There is enough money now that can be freed up to accomplish that transition, without even imposing beyond a moderate burden on anyone. The problem comes from the priorities and mindset of those who hold power. The 2008 financial crisis cost somehwere around 15 trillion to the World economy; likely enough, once again, to perform an energy transition. At any given time, the rich and ultra-rich have something like 7.6 trillion stashed away in tax havens, hidden for the exclusive purpose of not having to give up a portion of it.

    That behavior comes from people who have no material worries whatsoever. If I had a bad cancer diagnosis, despite living in the most privileged part of the world, obtaining and undergoing the treatment would drain all my resources, require me to sell my house and possibly use my retirement savings, even though I have a good profession, savings, and a credit rating in the mid-800s. The rich and ultra-rich would experience none of that. They would only have to endure the distress of the disease and treatment.

    Despite the fact that their position is privileged to this historically unprecedented extent, they are utterly convinced that they must not have even a litle less money than the theoretical maximum they can possibly extract from this world. That's the real problem. Of course, some of them enagage in philanthropy, but even they would not be ready to a profound change that would render it impossible in the first place to obtain wealth expressed in a high power of 10 of that of the lowest paid employee in their empire. Historically, they all have pushed very hard to outsource all activity to places where they did not have to play a fair role in the game, paying people miserable wages, having little to no tax liabilities, no environmental or social responsibility and generous lattitude to obtain favor from local officials. Philanthropy seems kinda cheap after that goal is realized.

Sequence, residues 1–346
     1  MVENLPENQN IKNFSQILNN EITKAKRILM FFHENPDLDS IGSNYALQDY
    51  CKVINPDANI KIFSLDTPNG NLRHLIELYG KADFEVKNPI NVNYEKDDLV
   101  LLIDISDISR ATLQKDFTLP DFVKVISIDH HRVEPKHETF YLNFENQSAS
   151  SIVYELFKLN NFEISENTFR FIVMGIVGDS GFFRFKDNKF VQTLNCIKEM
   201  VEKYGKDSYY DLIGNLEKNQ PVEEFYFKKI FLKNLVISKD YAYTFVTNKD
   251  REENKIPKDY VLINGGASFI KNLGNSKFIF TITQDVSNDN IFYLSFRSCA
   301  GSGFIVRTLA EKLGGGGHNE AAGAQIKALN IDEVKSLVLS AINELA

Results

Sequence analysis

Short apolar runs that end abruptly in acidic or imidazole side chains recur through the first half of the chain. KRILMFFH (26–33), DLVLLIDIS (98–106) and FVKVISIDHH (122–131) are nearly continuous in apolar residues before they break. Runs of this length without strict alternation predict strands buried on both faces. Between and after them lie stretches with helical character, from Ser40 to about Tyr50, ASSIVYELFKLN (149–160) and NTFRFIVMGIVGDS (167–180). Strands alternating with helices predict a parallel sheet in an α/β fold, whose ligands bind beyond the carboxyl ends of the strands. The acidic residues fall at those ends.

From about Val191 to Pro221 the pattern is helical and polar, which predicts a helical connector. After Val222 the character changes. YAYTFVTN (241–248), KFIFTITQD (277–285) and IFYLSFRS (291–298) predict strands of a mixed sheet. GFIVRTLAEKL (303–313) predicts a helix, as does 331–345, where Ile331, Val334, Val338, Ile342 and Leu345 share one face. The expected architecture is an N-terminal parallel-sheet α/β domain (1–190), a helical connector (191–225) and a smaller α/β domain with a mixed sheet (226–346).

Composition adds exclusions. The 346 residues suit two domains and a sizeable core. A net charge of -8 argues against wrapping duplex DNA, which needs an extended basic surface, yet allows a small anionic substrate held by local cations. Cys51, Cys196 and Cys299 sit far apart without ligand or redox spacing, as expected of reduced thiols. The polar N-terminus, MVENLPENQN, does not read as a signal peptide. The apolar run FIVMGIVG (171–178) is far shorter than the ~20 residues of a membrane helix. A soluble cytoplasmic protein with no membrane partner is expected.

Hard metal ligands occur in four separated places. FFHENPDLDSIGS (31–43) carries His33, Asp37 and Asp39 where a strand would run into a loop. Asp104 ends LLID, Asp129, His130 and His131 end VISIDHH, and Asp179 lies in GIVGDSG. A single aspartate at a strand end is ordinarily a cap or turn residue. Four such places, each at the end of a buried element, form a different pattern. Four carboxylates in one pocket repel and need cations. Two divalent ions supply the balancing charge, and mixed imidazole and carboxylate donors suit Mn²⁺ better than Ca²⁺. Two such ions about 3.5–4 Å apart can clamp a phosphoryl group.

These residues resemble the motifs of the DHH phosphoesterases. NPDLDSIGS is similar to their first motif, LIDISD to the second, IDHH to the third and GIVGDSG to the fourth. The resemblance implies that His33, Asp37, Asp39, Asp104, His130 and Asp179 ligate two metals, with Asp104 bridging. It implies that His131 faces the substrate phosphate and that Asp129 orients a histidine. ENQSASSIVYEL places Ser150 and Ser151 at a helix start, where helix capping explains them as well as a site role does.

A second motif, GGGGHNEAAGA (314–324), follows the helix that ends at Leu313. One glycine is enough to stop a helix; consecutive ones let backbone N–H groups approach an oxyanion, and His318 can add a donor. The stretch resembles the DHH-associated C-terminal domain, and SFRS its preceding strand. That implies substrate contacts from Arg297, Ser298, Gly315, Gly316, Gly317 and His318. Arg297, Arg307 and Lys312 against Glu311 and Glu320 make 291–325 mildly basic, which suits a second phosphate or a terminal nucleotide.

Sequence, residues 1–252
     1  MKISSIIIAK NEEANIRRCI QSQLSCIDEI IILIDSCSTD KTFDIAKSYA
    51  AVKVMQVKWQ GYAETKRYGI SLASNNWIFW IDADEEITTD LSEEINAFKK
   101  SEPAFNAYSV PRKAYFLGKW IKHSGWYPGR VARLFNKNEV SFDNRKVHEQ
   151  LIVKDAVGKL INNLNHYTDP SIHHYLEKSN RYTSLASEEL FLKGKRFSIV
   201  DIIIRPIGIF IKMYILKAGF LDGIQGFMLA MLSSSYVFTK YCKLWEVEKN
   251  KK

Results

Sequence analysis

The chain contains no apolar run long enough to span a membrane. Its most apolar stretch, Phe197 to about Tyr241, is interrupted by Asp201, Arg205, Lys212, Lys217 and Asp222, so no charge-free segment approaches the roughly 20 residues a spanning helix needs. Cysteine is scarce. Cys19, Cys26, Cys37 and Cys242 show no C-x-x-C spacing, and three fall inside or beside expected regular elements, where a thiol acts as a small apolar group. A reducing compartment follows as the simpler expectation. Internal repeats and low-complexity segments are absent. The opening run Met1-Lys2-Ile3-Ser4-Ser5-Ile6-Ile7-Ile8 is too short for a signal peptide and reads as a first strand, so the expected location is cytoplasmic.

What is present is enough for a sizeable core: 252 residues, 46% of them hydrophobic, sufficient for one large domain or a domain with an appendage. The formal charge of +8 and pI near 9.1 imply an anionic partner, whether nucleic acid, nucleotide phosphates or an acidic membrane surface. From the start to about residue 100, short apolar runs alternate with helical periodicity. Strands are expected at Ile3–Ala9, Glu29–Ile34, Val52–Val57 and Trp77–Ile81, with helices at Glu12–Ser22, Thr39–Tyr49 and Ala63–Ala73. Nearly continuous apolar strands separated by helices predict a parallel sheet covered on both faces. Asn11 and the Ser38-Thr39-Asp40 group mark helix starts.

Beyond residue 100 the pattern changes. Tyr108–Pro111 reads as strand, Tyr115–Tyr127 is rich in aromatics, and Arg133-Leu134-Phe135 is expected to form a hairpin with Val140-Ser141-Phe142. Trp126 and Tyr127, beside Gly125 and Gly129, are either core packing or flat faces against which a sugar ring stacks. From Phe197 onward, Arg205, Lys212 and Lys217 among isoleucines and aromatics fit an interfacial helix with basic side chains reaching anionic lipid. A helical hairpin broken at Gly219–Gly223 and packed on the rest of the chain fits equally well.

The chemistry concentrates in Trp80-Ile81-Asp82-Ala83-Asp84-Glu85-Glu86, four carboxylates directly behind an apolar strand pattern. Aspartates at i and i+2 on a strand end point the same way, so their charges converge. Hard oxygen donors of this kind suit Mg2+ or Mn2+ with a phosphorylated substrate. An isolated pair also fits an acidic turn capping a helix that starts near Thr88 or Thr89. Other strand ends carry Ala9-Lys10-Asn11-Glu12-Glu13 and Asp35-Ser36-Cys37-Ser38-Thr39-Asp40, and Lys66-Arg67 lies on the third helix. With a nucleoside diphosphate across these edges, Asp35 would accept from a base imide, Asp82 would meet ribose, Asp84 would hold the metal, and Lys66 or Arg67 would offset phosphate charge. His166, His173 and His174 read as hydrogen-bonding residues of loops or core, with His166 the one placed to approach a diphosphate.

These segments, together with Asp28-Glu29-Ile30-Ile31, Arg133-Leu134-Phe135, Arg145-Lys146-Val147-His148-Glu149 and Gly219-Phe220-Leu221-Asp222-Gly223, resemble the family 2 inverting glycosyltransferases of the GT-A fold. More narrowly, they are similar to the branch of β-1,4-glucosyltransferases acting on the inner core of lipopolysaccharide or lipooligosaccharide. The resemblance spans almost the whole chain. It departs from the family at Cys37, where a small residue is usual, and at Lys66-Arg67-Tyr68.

The technologies exist for accomplishing at least a partial energy transition that could dramatically reduce emissions at the 15 years horizon. It is not happening because governments are at the back and call of people for whom short term profits are more important than anything.

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  6. Philippe Chantreau @5 ,

    yes, it is all a matter of attitude.

    A golden cartoon from 1970-ish ( Punch magazine ) shows two plump middle-aged businessmen (cigars & Homburgs) in the back seat of a Rolls-Royce driving through central London.  One says to the other: "Yes, I am grossly over-remunerated . . . but I am not grossly over-remunerated enough."

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  7. True that

    Some good news, however.

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  8. And that's without even trying hard...

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  9. Eliminating Animal Agriculture from the planet would buy a lot of time since its contribution to the climate problem is so large.  We can do without animal agriculture much easier than we can do without fossil fuels, although the elimination of both, with large population reductions, could put us back on track to a survivable future.

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  10. "The Race Is On" didn't speak a word about Animal Agriculture, or did I miss that somewhere?

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  11. @9 Swampfoxh,